My husband has PD and I speak from both good and bad experience.


20% helpful
momjob2 answered...

I agree with Lady Dawn..she knows of what she speaks.
I have had Parkinson's for going on 6 years now. When I first was diagnosed they thought I had CBGD, which is literally a "death sentence". When it was found that I had Parkinson's I was actually "relieved". (CBGD would have me "pushing up daisies" long ago.) After some research, done by my sister-in-law, I found out that my father had three brothers that had the disease. Now I know why my father had such a "disfunctioning" family...in those days there were no drugs to help slow the disease down. My brother called me on the phone last year and told me that he "also" has come down with Parkinson's. I've had the disease for 6 years. The drugs that are coming out now, thanks to research, slow the symptoms down measurably. As long as I keep up with my "treadmill" and "weight" workouts I'm doing pretty good. There are a lot of people that don't even suspect me having Parkinson's....so even thogh it "may" be inherited, it's not the end of the world. You just have to have a "don't quit" attitude, and a loving family that cares enough to try to understand what you're going through.


Footprints answered...

My identical twin brother has had Parkinson's for 14 years or so and has diskonesia; a side effect from the drugs he takes to manage his parkinsons. As we know identical twins start out from one egg and split into equal parts. Needless to say I don't have Parkinson's and can guarantee I will not get it. My twin brother is confined to his unit where he lives mostly and has cracked 9 ribs as well as his sturnam with the many falls caused by parkinsons, and its related drug side effects, over the recent past. In this light I would suggest that Parkinson's is not heredity but a condition of ones environment and how one deals with life on ones journey through the physical plane. I'm not a doctor but I do know Dr's have as many views as those who are not Dr's do. Relax, enjoy your life and be comfortable that if the parkinson's card appears in your life it would be more a part of your journey, thought processes and life experiences than anything you parent or parents may have experienced. PEACE!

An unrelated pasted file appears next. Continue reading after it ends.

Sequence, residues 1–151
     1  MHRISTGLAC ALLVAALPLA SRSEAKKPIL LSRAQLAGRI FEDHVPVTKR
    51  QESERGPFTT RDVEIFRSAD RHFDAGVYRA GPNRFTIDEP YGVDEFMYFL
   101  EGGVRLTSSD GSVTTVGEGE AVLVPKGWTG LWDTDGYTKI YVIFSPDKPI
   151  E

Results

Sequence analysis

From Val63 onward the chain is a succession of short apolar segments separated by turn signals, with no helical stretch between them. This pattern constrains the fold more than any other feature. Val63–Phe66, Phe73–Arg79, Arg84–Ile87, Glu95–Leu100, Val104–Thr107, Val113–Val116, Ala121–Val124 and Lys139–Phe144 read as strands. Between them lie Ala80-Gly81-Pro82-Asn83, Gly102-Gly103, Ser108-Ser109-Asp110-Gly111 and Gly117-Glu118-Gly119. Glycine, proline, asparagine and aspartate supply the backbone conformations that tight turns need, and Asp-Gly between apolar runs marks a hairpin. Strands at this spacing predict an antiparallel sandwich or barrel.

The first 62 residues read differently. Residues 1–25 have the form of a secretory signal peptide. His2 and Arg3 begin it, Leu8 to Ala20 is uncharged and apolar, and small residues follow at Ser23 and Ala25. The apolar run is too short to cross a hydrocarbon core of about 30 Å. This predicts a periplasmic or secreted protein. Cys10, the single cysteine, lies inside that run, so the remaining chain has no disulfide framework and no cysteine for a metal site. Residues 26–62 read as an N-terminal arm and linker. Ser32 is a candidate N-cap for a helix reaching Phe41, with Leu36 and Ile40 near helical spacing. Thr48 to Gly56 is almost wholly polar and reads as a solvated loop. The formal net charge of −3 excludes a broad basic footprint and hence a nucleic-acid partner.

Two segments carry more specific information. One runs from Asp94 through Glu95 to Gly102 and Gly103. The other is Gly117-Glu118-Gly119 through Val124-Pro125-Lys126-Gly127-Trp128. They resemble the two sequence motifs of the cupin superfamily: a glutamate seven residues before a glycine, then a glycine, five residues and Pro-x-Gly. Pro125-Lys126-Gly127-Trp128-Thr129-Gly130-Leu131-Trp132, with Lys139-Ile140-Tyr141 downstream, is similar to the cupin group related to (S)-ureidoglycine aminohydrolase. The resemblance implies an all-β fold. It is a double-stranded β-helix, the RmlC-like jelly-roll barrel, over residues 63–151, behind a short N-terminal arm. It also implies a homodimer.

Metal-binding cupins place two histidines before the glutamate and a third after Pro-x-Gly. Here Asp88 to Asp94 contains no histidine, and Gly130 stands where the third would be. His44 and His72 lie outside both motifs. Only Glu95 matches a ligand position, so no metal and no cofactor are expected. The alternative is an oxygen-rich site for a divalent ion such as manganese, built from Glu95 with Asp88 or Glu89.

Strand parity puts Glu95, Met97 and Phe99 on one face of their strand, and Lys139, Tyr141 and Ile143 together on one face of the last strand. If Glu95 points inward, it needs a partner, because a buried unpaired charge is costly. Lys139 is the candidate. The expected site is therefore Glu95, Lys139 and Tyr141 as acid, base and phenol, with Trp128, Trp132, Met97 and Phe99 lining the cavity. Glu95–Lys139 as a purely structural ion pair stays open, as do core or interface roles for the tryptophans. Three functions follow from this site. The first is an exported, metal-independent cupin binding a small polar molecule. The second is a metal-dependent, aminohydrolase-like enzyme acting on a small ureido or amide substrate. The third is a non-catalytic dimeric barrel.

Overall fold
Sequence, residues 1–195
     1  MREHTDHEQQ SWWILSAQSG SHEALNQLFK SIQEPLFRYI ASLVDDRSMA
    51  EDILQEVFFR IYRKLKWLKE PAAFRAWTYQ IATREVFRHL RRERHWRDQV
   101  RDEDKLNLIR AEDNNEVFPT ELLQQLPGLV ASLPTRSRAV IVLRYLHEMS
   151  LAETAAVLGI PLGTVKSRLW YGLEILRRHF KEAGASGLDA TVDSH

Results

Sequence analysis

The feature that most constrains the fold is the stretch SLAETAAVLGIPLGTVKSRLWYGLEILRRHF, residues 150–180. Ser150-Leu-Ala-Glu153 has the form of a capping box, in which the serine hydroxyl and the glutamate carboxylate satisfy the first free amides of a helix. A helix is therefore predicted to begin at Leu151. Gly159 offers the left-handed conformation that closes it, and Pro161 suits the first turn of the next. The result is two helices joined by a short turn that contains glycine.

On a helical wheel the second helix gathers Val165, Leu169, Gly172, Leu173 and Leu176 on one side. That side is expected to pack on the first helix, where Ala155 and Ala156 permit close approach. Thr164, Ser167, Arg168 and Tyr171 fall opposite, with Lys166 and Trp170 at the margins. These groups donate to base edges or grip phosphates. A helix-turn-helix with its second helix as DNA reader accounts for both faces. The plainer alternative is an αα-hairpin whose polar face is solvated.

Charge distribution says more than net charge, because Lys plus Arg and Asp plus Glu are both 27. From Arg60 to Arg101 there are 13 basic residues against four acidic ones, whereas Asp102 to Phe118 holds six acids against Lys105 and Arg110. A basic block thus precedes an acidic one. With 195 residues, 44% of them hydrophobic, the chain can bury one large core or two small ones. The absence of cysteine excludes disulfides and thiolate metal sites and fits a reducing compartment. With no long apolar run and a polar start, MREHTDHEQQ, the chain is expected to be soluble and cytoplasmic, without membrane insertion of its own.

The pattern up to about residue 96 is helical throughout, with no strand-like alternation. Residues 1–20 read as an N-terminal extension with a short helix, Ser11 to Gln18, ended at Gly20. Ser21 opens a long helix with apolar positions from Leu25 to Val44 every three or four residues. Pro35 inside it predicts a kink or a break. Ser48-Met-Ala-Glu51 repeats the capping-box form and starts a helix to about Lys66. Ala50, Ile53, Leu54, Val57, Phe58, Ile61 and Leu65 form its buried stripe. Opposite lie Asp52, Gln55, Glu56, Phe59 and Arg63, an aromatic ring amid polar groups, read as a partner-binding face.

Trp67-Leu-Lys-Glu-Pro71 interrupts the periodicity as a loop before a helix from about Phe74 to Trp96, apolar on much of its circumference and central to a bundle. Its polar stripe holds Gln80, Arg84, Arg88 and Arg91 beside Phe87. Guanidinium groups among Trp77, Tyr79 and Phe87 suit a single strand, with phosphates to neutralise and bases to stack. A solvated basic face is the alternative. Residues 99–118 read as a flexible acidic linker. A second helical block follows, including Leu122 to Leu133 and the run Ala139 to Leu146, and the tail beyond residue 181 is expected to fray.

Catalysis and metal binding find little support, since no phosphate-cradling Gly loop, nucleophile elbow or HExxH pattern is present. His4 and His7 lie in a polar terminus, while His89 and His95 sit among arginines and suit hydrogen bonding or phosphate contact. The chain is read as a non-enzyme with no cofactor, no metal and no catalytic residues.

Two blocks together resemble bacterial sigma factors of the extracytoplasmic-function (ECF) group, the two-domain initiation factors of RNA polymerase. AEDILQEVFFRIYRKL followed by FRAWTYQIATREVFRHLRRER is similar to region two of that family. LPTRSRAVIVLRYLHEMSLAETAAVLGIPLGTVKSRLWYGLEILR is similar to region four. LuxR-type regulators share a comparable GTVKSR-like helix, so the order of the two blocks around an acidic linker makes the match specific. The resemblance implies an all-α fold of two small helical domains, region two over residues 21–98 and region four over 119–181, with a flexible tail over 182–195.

An anonymous caregiver answered...

As with many questions, the correct answer is, "It all depends..."

However, being unaware of any Parkinson history on either side of my family tree and after seeing how much and how many types of fungicide, pesticide, and herbicide had been stored in my parents' house and garage, I have to wonder if my father's food garden (tended almost 30 years) might have been a contributing source for both my parents' "Parkinsons."

By the way, after my mother began to refuse physical therapy, exercise, and walking, and then became sedentary, her symptoms went from "mild" to debilitating in a matter of a few months. Medication had no beneficial effect after that; the so-called "dopamine honeymoon" (almost 8 years on medication) apparently was over, too.

I'll leave it up to you to make any connections....


KarenLorenzo answered...

I'd also like to share this information about parkinson's disease, I wrote this article to make the people aware of the cause, symptoms and management of the disease especially in long term care facilities: http://www.infolongtermcare.org/long-term-health-care-seniors/diseases-in-elderly/what-is-parkinsons-disease/ . which may help one way or another.